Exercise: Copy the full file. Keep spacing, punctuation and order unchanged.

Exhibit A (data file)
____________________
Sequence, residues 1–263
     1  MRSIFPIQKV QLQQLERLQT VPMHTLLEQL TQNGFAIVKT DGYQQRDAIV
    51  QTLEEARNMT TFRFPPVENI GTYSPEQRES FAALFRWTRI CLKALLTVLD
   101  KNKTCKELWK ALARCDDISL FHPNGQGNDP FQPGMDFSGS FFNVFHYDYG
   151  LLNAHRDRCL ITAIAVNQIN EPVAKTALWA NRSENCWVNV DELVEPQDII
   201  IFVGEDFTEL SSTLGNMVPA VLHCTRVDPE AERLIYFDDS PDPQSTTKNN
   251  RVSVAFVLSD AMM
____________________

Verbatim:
Sequence, residues 1–263
     1  MRSIFPIQKV QLQQLERLQT VPMHTLLEQL TQNGFAIVKT DGYQQRDAIV
    51  QTLEEARNMT TFRFPPVENI GTYSPEQRES FAALFRWTRI CLKALLTVLD
   101  KNKTCKELWK ALARCDDISL FHPNGQGNDP FQPGMDFSGS FFNVFHYDYG
   151  LLNAHRDRCL ITAIAVNQIN EPVAKTALWA NRSENCWVNV DELVEPQDII
   201  IFVGEDFTEL SSTLGNMVPA VLHCTRVDPE AERLIYFDDS PDPQSTTKNN
   251  RVSVAFVLSD AMM